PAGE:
Emojis and the future of the language

Emoticon: a metacommunicative pictorial representation of a facial expression that, in the absence of body language and prosody, serves to draw a receiver’s attention to the tenor or temper of a sender’s nominal non-verbal communication, changing and improving its interpretation.

That is the description for this word that can be found on Wikipedia, a portmanteau word of the English words emotion and icon, and goes back as a translation of the Japanese term emoji. Those smiley faces, waving hands or salsa dancers are a key part of communication through the Internet, and also part of the new way to connect with other people.

The deceased Live Messenger, the SMS and finally WhatsApp have revolutionized the way in which we communicate with our friends, being able to have full conversations only with emoticons or having long WhatsApp chats rather than, simply, phone calls. These new methods of communication with the rest of the world have finally influenced the written language, but is it a good or a bad thing?

Language evolves

One thing is for sure, language evolves over time and because of the influence of other communication methods in it. Both speaking and written language need to be distinguished, but none of them has remained the same since words started to be scrawled on stone, on an animal’s skin, or on a papyrus. Written language has also been influenced by technological innovations, and probably none of them has caused changes so fast like the immediate communication the Internet provides.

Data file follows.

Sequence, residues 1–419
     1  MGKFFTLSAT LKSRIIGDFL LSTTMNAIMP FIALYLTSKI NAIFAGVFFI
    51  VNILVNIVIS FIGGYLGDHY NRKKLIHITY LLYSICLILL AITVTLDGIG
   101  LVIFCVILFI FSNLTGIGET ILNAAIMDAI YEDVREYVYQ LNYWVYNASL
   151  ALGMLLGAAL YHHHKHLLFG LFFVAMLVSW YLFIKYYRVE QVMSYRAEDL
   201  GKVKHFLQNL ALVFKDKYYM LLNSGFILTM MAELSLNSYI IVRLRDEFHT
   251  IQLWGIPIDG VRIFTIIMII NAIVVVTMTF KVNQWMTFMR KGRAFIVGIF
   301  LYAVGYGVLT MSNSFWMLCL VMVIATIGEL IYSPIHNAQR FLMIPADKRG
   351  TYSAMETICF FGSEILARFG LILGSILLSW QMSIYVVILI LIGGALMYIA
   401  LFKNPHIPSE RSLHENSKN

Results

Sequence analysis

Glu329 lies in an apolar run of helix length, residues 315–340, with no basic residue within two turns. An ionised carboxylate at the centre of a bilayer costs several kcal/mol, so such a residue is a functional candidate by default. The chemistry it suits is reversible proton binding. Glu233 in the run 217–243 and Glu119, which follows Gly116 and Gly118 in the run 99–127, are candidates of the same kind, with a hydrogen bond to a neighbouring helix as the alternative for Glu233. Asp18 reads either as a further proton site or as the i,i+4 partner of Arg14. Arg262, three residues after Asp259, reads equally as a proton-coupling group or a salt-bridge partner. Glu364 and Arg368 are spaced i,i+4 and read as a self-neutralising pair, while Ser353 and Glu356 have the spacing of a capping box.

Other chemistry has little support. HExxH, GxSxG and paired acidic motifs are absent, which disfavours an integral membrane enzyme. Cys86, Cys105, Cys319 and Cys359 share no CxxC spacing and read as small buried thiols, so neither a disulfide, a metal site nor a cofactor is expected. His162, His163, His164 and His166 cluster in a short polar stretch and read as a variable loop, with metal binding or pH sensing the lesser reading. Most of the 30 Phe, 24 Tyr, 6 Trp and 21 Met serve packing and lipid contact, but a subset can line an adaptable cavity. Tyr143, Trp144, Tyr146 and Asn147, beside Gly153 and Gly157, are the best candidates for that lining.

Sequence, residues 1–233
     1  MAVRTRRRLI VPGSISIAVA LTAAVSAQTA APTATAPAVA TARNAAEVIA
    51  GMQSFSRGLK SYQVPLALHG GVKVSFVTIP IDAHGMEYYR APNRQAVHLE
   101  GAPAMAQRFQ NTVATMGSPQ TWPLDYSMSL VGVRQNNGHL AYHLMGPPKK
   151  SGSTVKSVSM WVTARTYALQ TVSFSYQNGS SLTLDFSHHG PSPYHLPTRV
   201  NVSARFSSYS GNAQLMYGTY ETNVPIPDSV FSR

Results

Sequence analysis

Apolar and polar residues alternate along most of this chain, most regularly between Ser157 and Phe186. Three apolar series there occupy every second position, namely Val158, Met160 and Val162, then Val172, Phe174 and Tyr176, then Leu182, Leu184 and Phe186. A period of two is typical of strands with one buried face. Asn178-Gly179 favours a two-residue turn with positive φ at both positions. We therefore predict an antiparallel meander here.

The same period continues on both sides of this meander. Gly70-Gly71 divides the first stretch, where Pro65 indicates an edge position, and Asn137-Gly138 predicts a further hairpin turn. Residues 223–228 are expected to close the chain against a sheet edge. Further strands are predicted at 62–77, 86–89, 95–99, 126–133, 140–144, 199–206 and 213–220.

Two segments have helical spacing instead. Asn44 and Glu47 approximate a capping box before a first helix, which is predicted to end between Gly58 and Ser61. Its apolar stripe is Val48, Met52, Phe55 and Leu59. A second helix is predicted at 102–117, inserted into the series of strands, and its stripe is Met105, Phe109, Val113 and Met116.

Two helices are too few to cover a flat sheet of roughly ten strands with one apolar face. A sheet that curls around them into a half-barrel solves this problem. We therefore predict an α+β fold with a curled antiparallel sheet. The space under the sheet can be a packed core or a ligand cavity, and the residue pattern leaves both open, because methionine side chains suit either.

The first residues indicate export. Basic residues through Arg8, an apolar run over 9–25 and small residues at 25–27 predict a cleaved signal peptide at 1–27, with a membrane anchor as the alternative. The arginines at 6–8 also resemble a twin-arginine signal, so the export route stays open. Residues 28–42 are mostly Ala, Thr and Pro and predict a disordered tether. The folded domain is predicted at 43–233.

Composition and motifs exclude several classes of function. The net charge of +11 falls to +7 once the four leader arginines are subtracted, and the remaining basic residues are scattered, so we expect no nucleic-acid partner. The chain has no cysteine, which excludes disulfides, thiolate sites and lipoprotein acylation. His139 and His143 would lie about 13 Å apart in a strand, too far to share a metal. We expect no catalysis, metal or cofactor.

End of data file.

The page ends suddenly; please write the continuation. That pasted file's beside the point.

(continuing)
“Emoticons were created in 1982 to support written language, as an interpreting help for something that written language wasn’t able to symbolize”

That’s where the debate is at right now, especially when it comes to the Spanish-speaking world. Besides English terms and abbreviations, like WTF or LOL, the main concern is the quality loss in the language. At the 5th International Congress of the Spanish Language, held in Cartagena de Indias in 2007, one of the topics discussed was the role of the Spanish language in cyberspace, and in that regard, Mikel Amigot, president of IBLNEWS, pointed out in his speech that:

“It’s been mentioned several times how the Internet language is a careless one. It’s been often repeated how the Internet damages the language precisely because of its trademark immediacy and speed. However, we all know the net and we realize how these assumptions aren’t fully real.”

The speed, the possibility of transmitting a big amount of information through an abbreviation or an image and the precision are some of the characteristics of the language used on the Internet. Besides language tends to be “lazy”, to choose the shortest expression so that the conversational partner becomes a bigger amount of information, and there is where the emoticons come in. For Nacho, a man in his twenties and a common user of this images, the reason behind their popularity is clear: “Let’s see how you transmit moods. With words? That’s written language’s tone!”

Mercedes Sánchez, coordinator of Royal Spanish Academy’s CORPES XXI and co-author among Guillermo Rojo of the book ‘The Spanish Language on the Internet’, pointed out, however, that “(in the written language in the digital media) I don’t think there is a big influence. Among other things, because emoticons were born around 1982 and if they had influenced much, the language would have already shown a more evident consequence. Emoticons were actually created to support written language, as a way of helping to understand something that the written language couldn’t express, replacing this way gestures of the spoken language: happiness, sadness, surprise… So if there is any influence, it’s a good one.”

Context is the key